Achieving Net Zero emissions: The oil and gas industry is a major component of the solution

Astley Hastings* (Corresponding Author), Pete Smith

*Corresponding author for this work

Research output: Contribution to conferenceUnpublished paperpeer-review

1 Citation (Scopus)
11 Downloads (Pure)


Abstract – The major challenge facing society in the 21st century is to improve the quality of life for all citizens in an egalitarian way, by providing sufficient food, shelter, energy and other resources for a healthy meaningful life, whilst at the same time decarbonizing anthropogenic activity to provide a safe global climate. This means limiting the temperature rise to below 2ºC and to do this the world must achieve net zero greenhouse gas (GHG) emissions by 2050. Currently spreading wealth and health across the globe is dependent on growing the GDP of all countries. This is driven by the use of energy, which until recently has mostly derived from fossil fuel, though a number of countries have shown a decoupling of GDP growth and greenhouse gas emissions from the energy sector through rapid increases in low carbon energy generation. Nevertheless, as low carbon energy technologies are implemented over the coming decades, fossil fuels will continue to have a vital role in providing energy to drive the global economy. Considering the current level of energy consumption and projected implementation rates of low carbon energy production, a considerable quantity of fossil fuels will still be used, and to avoid emissions of GHG, carbon capture and storage (CCS) on an industrial scale will be required. In addition, the IPCC estimate that large scale GHG removal from the atmosphere is required to limit warming to below 2º C using technologies such as Bioenergy CCS, and direct carbon capture to achieve climate safety. In this paper we estimate the amount of carbon dioxide that will have to be captured and stored, the storage volume, technology and infrastructure required to achieve the energy consumption projections with net zero GHG emissions by 2050. We conclude that the oil and gas production industry alone has the geological and engineering expertise and global reach to find the geological storage structures and build the facilities, pipelines and wells required. Here we consider why and how oil and gas companies will need to morph into hydrocarbon production and carbon dioxide storage enterprises, decommission facilities only after CCS and thus be economically sustainable businesses in the long term, by diversifying in and developing this new industry.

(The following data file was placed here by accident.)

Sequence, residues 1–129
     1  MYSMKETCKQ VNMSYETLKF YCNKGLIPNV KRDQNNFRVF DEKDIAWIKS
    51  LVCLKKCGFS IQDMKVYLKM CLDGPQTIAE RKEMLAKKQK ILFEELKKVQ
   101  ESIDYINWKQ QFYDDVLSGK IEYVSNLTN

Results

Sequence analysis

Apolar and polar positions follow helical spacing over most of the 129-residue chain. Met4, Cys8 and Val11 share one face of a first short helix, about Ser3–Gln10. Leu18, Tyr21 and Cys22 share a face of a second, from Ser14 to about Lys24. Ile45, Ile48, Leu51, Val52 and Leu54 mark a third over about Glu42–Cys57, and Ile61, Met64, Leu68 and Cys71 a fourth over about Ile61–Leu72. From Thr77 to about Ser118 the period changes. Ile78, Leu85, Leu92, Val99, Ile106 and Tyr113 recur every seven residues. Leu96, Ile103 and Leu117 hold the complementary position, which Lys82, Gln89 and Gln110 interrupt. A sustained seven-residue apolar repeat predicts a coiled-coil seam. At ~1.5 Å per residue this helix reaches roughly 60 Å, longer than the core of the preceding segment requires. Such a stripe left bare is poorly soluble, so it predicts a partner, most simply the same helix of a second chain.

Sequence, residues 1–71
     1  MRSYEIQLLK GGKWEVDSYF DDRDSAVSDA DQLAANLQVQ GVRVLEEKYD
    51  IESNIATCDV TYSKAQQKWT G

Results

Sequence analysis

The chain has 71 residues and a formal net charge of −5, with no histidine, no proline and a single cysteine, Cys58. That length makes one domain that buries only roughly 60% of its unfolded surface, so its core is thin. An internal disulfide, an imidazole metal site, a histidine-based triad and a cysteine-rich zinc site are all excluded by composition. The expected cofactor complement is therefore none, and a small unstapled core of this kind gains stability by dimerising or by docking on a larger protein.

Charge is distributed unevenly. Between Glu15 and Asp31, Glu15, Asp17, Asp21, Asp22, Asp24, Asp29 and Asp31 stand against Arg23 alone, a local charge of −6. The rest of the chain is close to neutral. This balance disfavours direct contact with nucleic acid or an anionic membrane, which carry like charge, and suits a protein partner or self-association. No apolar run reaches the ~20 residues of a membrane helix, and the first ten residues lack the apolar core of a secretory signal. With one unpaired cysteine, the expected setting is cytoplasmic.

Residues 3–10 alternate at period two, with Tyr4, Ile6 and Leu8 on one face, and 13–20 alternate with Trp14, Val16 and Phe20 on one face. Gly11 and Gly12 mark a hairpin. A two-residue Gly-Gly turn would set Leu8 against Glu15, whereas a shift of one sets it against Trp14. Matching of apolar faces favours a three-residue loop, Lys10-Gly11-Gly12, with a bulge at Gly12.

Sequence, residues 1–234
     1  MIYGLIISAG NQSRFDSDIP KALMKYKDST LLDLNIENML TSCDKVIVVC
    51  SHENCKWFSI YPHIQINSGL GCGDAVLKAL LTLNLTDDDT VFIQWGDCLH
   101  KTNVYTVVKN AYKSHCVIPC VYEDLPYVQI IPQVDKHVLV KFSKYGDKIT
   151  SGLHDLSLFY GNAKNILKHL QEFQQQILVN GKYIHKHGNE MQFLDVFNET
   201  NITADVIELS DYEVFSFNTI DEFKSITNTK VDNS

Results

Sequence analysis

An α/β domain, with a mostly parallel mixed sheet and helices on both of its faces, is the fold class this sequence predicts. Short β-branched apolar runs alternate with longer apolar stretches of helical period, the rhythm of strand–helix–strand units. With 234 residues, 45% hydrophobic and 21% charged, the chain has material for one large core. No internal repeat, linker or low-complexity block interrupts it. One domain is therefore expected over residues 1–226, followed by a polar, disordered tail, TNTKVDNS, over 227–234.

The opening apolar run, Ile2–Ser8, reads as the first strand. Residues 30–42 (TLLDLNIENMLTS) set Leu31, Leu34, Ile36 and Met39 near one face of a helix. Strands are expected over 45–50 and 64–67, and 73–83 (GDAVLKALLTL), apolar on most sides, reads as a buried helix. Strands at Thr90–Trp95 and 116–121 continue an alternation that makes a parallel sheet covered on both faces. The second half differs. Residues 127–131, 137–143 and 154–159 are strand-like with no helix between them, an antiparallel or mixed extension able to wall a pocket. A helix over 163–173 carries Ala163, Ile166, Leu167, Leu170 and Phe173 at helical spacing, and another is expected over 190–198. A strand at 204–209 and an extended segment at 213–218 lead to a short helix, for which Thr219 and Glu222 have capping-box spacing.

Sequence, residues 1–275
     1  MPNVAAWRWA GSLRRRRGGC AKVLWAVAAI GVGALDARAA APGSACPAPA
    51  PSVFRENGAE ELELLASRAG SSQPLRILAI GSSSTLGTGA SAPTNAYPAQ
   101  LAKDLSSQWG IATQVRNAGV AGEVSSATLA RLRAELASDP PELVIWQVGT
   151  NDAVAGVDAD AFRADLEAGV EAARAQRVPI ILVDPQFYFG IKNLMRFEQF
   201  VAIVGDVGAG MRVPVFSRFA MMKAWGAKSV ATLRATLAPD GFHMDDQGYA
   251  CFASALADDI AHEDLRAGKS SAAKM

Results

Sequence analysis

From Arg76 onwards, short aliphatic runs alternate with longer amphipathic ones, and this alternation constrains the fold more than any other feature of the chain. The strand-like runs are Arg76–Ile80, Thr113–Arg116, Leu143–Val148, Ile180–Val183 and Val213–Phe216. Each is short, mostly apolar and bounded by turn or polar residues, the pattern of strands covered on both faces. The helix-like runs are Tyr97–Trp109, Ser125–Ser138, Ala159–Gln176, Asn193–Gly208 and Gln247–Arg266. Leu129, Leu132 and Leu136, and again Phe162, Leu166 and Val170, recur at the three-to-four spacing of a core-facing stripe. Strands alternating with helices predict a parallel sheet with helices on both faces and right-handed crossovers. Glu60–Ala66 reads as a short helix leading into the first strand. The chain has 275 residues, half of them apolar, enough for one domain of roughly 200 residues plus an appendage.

Original languageEnglish
Number of pages7
Publication statusPublished - 12 May 2020
Event2nd International Conference on Negative CO2 Emissions, Gothenberg, 2020 -
Duration: 12 May 202015 May 2020


Conference2nd International Conference on Negative CO2 Emissions, Gothenberg, 2020

Bibliographical note

This work was supported by UK NERC: ADVENT (NE/1806209), ADVANCES, FAB-GGR
(NE/P019951/1) and UBERC Phase 4 project funding


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